1. Juniper: I think you know from blogging with me that my family is my life. About seven years ago, my oldest daughter was driving her two children on a quiet road near her home, when a 17 year old girl, driving two weeks, hit them head on. The air bags activated and their lives were spared. One of the kids was hurt, but my daughter was hurt pretty badly. She had to give up a terrific job, had two surgeries, and underwent two years of physical therapy.

    The young girl who struck them giggled at the scene. She told the police, "It's not like they're dead or nothin'." She told the authorities she let go of the wheel and covered her face because she saw a spider on her rear view mirror.

    The day after the accident, I began to build an online business for my daughter. I figured with her injuries she could not hold on to her position. My wife and I made arrangements to take care of our grandchildren since my son-in-law had to keep working to hold on to their house. I almost lost my family in one fell swoop, and I think that is more than any human being should be forced to bear.

    However, I have not experienced a single day of unhappiness since the accident. My kids are alive and well and I am thankful. They have recovered and are happy. I love them.

    My daughter went through all the stages I have witnessed in your writing since following your blog. I hope I have never expressed a negative thought. When I have expressed how much I admire your handling of the journey through this nightmare, I was serious. I do not see you as a victim of someone's randomness. I see you as an inspiration to others.

  2. No an alien sensation has not taken over my body! But every emotion you blog about is like a trip of whimsy, pain or sweetness, but it's you, and that is why I chose to follow you....bring it on whatever it is...this is not Facebook we are all real people here (mostly, no really we are!) with real genuine feelings and at some mystic junction we are all grouped together the world of bloggers which will forever lead us into astonishing for the preordained randomness, those things we share here...HELP all of us! ;)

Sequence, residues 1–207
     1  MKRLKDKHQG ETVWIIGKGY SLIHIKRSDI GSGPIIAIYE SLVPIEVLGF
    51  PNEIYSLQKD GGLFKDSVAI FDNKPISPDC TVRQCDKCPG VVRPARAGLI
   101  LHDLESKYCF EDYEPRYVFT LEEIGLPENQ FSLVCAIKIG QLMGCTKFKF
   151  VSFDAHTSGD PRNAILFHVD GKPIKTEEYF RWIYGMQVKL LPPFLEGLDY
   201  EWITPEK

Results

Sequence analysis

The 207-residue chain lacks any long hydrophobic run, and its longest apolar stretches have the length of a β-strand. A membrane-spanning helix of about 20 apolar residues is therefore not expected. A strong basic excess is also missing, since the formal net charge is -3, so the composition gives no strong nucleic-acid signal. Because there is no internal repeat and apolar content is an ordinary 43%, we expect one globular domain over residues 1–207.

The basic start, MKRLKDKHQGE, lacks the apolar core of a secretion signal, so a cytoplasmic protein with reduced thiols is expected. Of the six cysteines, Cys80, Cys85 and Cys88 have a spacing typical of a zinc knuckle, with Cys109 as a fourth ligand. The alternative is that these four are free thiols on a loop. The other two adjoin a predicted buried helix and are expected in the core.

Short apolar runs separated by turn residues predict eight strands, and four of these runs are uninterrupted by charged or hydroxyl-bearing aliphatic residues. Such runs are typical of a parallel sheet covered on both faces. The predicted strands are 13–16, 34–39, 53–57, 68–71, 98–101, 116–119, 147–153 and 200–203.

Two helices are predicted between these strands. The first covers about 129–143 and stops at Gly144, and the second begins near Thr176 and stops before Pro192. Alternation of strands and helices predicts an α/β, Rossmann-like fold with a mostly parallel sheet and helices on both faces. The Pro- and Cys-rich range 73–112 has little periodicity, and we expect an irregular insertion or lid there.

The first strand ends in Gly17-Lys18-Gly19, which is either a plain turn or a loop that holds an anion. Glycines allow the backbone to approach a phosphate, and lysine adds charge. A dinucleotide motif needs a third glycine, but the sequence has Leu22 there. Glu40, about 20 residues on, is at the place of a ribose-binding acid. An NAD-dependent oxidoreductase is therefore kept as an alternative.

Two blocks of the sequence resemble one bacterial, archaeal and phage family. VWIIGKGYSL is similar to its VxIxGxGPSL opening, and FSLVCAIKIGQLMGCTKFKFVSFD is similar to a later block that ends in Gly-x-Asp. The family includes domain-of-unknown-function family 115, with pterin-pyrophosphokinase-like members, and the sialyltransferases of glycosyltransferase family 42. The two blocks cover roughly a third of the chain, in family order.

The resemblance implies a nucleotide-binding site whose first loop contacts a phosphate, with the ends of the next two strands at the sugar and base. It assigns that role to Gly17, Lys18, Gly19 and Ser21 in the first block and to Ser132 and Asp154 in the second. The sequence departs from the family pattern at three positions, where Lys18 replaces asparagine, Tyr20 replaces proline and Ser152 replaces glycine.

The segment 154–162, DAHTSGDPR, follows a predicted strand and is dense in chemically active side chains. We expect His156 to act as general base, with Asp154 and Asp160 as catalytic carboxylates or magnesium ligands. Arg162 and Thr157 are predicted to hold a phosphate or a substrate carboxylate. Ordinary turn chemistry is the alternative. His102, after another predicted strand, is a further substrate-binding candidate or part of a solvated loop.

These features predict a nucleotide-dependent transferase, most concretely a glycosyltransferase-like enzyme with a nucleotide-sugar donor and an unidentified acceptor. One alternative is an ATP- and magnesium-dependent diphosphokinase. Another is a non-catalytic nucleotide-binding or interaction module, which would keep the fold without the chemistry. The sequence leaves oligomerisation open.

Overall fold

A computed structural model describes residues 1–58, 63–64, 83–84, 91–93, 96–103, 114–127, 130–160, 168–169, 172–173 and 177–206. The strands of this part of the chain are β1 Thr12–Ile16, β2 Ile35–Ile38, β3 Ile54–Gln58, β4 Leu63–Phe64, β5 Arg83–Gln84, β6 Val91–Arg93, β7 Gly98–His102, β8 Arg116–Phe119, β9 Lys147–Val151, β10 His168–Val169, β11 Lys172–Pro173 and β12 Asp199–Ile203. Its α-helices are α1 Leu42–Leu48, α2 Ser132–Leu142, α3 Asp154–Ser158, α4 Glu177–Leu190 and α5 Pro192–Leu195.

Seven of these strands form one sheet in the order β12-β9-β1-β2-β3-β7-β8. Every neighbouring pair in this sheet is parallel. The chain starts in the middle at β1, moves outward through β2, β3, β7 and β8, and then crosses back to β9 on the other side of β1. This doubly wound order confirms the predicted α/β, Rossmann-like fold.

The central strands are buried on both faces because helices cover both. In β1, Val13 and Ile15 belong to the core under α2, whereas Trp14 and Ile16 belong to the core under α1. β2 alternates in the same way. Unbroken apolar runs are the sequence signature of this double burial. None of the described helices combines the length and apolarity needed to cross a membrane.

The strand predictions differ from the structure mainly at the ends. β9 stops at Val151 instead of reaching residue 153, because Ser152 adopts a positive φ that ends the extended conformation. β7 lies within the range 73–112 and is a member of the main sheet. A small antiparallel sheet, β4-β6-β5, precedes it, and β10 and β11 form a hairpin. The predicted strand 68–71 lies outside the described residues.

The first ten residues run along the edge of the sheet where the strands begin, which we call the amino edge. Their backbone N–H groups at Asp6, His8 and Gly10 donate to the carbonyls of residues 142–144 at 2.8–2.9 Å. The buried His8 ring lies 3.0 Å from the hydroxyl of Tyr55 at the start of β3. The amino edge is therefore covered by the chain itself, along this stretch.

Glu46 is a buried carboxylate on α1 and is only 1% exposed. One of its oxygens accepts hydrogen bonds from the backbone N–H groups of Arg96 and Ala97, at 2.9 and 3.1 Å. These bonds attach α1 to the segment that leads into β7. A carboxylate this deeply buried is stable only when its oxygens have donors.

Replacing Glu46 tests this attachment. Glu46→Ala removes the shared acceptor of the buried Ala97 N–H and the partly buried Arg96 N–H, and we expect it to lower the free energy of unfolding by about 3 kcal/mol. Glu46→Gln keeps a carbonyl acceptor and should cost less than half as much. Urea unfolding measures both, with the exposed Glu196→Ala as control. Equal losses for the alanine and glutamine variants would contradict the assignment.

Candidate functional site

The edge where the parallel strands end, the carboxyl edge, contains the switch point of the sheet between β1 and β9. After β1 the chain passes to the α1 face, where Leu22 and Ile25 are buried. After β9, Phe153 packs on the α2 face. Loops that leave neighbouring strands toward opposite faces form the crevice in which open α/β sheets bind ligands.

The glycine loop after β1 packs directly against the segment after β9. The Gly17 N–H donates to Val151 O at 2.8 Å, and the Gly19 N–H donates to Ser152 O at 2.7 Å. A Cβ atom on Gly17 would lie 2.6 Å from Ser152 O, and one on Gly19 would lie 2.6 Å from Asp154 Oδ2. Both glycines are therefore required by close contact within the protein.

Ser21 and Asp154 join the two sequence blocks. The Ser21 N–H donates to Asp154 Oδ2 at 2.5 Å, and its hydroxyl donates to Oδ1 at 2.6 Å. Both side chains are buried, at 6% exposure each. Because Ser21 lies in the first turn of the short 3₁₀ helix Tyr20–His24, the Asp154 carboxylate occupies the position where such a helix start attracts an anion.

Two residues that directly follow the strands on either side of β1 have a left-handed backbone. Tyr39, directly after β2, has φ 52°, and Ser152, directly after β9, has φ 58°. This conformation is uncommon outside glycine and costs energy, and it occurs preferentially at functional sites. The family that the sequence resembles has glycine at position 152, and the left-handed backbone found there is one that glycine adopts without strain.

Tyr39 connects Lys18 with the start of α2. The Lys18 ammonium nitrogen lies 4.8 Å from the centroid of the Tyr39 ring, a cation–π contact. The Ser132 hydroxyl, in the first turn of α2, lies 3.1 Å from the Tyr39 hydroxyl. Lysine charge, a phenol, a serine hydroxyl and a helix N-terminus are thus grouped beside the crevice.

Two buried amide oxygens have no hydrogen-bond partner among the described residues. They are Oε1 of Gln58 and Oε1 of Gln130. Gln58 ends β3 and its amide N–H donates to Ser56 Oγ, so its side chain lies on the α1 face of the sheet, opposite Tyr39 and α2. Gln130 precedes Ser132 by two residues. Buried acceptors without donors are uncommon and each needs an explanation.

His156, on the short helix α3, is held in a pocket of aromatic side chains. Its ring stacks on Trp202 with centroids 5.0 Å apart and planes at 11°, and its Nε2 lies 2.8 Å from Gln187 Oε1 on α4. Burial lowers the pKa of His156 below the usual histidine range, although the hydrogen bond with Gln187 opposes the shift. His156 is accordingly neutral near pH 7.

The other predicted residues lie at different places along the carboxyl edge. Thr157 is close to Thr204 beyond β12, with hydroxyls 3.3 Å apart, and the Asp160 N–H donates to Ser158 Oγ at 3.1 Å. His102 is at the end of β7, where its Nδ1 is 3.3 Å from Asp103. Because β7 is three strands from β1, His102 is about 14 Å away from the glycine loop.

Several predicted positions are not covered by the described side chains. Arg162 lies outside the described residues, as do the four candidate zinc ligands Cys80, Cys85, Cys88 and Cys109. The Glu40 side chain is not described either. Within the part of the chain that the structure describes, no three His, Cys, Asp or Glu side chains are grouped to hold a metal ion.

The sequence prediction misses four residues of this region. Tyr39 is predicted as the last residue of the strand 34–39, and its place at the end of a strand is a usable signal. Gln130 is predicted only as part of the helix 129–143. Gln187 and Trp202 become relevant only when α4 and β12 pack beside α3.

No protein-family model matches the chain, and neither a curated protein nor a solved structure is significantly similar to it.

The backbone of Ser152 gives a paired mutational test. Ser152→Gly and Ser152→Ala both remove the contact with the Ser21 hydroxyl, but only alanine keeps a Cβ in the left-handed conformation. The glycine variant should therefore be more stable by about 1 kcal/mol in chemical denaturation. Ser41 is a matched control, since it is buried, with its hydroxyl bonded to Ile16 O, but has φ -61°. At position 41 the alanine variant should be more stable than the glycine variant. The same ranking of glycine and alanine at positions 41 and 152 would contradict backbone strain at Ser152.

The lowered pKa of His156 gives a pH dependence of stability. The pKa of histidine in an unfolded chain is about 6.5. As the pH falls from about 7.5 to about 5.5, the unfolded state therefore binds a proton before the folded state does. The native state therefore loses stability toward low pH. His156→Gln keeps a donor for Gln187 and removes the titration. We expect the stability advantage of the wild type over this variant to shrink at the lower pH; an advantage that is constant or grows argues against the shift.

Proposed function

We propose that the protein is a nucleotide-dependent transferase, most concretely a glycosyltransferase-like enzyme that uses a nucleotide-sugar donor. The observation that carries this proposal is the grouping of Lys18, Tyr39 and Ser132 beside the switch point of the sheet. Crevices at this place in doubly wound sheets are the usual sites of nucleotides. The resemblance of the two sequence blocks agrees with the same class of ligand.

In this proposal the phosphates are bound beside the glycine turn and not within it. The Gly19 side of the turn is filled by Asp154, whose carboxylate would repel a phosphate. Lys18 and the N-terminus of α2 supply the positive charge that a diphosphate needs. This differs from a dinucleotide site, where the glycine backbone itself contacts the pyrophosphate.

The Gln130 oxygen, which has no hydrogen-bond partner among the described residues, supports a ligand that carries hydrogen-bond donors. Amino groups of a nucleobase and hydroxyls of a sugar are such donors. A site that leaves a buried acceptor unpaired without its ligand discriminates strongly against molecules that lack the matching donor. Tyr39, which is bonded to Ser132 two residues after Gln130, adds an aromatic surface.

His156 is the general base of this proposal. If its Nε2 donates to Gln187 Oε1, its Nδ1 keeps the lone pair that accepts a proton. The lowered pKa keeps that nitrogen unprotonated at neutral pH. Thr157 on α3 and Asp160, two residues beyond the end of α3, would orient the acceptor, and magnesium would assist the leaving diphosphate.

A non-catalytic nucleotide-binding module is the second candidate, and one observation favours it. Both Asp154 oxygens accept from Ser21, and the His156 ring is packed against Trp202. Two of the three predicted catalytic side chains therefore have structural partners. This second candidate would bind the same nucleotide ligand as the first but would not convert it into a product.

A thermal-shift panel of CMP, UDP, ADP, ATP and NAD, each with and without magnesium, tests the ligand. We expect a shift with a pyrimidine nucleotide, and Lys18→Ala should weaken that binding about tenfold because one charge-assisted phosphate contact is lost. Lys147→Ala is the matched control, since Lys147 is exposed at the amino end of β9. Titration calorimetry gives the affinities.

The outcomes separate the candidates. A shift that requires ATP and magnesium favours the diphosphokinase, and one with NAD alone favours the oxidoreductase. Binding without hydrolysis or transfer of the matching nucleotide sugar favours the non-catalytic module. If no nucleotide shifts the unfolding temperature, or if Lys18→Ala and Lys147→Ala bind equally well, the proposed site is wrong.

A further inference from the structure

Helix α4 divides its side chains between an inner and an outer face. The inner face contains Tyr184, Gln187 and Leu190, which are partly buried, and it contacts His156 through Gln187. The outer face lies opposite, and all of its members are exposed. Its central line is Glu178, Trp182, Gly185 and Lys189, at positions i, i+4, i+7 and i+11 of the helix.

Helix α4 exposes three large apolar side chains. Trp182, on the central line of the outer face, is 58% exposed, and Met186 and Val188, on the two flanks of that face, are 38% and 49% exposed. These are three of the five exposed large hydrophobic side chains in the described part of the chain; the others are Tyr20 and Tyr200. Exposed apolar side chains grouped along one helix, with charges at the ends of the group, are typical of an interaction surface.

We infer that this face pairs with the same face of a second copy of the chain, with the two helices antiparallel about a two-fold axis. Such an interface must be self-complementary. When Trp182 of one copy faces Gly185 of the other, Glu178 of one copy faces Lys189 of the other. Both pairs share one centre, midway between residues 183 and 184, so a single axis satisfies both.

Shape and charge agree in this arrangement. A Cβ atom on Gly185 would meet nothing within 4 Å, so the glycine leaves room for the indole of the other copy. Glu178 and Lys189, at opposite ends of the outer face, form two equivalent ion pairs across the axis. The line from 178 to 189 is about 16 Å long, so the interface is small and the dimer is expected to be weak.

3. I crashed my car once also, it was on an icy road I was driving slowly to the conditions coming down the hill to where I work and I saw an approching car coming up the hill so I went to stop as it had right of way but my car didn't stop I tried a few times applying the break with no effect the weight of the car was what was taking the car down the hill, I had to stear into a parked car or run the risk of sliding into the school children at the bottom of the hill where I worked. I had enough time to appreciate the humour as I approched the AA van. What shook me the most was the fact there was nothing I could do. I never drove down that hill when the weather was bad again I would go through the village.

  4. JJ made me cry.

    What could I possibly say that wasn't already said eloquently by him?

    (((((((((((( Juniper ))))))))))))

  5. Even in the short time I've been following your posts, I can see what great progress you've made - but I can well understand that going through all the inquest/inquiry stuff will be bringing things back.
    Thanks heaps for the comment you left on my post - it helped a great deal. I wasn't up to writing in detail about the crash (I refuse to call it an "accident"). Too angry.

    I figure there is nothing but randomness.

  6. Alexia - I alternate between the two depending on how mellow I'm feeling. Accident makes it sound like "oops!" whereas crash is factual and suggests nothing about fault or reason. The police here have changed their road signs (asking for witnesses) from saying 'Accident' to 'Crash'. The power of vocabulary.


  7. I think your driving will go back to pretty much its former naturalness. It will never be exactly the same but I remember when I learnt to drive that I could not believe that it didn't require concentration on every single moment to get it right. Then one day you panic because you cannot remember a little bit of the journey. Your brain will take over and it will happen.